The 'reality' of The Hague versus the 'distant sights' of Brussels

The formation of the government in The Hague always runs the risk of cementing domestic navel gazing in the coalition, with no regard for the rest of the world. On November 7th, 1989, the Lubbers III government was formed. The coalition agreement codified compromises made in The Hague. Two days later, the Berlin Wall came down. Communism collapsed, Germany reunited. The Hague was not prepared for anything; the agenda of the House of Representatives was dominated by the prohibition of pit bull terriers. Lubbers completely missed the boat on German reunification, causing him to miss out on a top job in the EU later on. The world was turning in high gear; The Hague was standing still.

A delegation from the House of Representatives recently visited European President Van Rompuy, the author of the so-called 'distant sights' of Brussels. He advocates everything that ends with 'union': a political, monetary, military and banking union. In politics there is no goal; there is only process. Van Rompuy deals with process in which all participants are trapped before they even realise it.

Before the summer, the banking union seemed to be far away. Initially the recapitalisation of ailing banks was to take place through the European Stability Mechanism (ESM), after 'effective and operational banking supervision' had been created. The latter will take years, because the European Central Bank (ECB) lacks the human resources and expertise to supervise 6,000 banks. Last week, during the 26th euro rescue summit, it was decided that recapitalisation is possible from the 1st of January 2013. Effective supervision has not been established, but is instead presupposed: a legal myth. Mediterranean Europe needs fresh money now. The distant sight appears not to be that distant after all.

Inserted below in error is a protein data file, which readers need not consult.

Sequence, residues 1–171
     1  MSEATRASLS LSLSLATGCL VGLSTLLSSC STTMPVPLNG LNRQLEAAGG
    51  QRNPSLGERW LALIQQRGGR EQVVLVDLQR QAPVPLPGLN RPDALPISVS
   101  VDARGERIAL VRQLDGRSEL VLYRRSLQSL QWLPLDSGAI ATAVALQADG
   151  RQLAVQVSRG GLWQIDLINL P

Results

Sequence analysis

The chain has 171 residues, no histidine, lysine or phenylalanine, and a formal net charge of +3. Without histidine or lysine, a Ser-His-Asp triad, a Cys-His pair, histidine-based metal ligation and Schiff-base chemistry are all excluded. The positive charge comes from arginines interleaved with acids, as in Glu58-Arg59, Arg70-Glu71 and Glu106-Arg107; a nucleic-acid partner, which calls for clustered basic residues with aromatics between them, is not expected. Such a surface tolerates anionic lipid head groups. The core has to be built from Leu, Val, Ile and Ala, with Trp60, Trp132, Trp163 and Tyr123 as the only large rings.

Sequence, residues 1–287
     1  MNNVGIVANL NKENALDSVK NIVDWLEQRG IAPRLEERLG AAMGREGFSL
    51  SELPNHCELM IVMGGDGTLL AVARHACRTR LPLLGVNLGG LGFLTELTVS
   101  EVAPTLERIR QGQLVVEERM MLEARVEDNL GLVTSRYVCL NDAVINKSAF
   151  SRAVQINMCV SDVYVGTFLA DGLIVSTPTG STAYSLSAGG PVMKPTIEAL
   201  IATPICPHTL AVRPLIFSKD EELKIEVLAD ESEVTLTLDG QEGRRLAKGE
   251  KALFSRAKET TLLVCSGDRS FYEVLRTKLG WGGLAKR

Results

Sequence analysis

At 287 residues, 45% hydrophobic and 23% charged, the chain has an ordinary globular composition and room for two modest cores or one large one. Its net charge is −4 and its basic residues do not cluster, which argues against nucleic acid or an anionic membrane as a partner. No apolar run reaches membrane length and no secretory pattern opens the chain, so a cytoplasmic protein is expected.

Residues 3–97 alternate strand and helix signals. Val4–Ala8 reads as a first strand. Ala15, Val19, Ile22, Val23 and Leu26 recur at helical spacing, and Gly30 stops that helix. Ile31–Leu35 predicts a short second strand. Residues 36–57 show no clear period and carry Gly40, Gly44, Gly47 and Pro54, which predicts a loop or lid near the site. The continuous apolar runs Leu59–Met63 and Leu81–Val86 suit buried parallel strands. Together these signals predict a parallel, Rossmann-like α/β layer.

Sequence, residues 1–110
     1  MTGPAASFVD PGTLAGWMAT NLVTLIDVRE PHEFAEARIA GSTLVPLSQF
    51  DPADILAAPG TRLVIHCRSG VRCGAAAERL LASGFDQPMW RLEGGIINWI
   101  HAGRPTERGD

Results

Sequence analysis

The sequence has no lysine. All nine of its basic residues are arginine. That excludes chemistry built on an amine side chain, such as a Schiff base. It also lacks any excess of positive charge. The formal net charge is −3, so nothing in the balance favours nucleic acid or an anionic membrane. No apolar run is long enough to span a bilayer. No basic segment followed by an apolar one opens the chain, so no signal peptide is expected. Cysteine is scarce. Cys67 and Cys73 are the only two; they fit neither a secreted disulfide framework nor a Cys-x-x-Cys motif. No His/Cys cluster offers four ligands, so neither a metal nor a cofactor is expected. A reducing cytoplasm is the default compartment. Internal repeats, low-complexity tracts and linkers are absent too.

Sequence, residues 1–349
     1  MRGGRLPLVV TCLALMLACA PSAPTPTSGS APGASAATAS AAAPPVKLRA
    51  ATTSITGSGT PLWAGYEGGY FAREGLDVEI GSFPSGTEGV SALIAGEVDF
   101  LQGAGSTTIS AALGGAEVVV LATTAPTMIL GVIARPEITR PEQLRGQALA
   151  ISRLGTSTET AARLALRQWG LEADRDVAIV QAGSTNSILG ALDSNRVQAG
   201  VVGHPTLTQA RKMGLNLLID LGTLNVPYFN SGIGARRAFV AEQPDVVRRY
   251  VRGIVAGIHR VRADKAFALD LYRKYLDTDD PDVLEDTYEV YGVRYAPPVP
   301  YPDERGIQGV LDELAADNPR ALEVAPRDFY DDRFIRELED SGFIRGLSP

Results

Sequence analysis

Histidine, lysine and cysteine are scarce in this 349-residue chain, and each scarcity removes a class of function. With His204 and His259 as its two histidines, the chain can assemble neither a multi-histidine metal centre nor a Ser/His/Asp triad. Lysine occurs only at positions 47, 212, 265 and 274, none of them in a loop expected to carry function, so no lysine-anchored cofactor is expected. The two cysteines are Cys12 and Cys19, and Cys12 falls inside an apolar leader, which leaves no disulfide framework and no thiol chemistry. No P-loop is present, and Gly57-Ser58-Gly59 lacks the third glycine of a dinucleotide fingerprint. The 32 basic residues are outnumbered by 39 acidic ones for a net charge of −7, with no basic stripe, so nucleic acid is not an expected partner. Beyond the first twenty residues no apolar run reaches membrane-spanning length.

Premier Rutte to 't Schoon Verdiep: Antwerp Mayor's Office

The sound victory of Bart de Wever, President of the 'Nieuwe Vlaamse Alliantie' (N-VA) did not only end 90 years of socialist dominance in the city on the banks of the Scheldt, but also signals a new course for Flanders. De Wever sees Flanders as an autonomous entity in a Belgian confederate state, with fiscal autonomy as the biggest prize. Every year, Flanders subsidises Wallonia and Brussels for 11 billion Euros, which is 1,900 Euros per Fleming per year; an average monthly income.

Contrary to the Netherlands, municipal elections are of great political significance. They determine the local power bastions for the next six years from which parties and leaders operate. The Flemish Christian democrats rule the countryside. The liberals have their high castles in East Flanders. The socialists rule the cities. Louis Tobback is the king of Leuven, Johan Vande Lanotte emperor of Oostende and Ghent is the Mecca of leftist Flanders. These traditional Flemish political families are part of the federal government, b now in electoral decline, led by the Walloon socialist Prime Minister Di Rupo. It is "une coalition des misérables".

De Wever has established his party as a party which penetrated in all layers of society. As soon as he is mayor - he isn't yet - he can turn his gaze to 2014 from 't Schoon Verdiep, the mayor's office on the first floor of the town hall of Antwerp. Then there will be elections for the Belgian federal parliaments, the regional parliaments and the European Parliament. "Then", he said, "the timer runs out for Belgium". From 2014 on Flanders has to be in control of itself and in control of its own finances.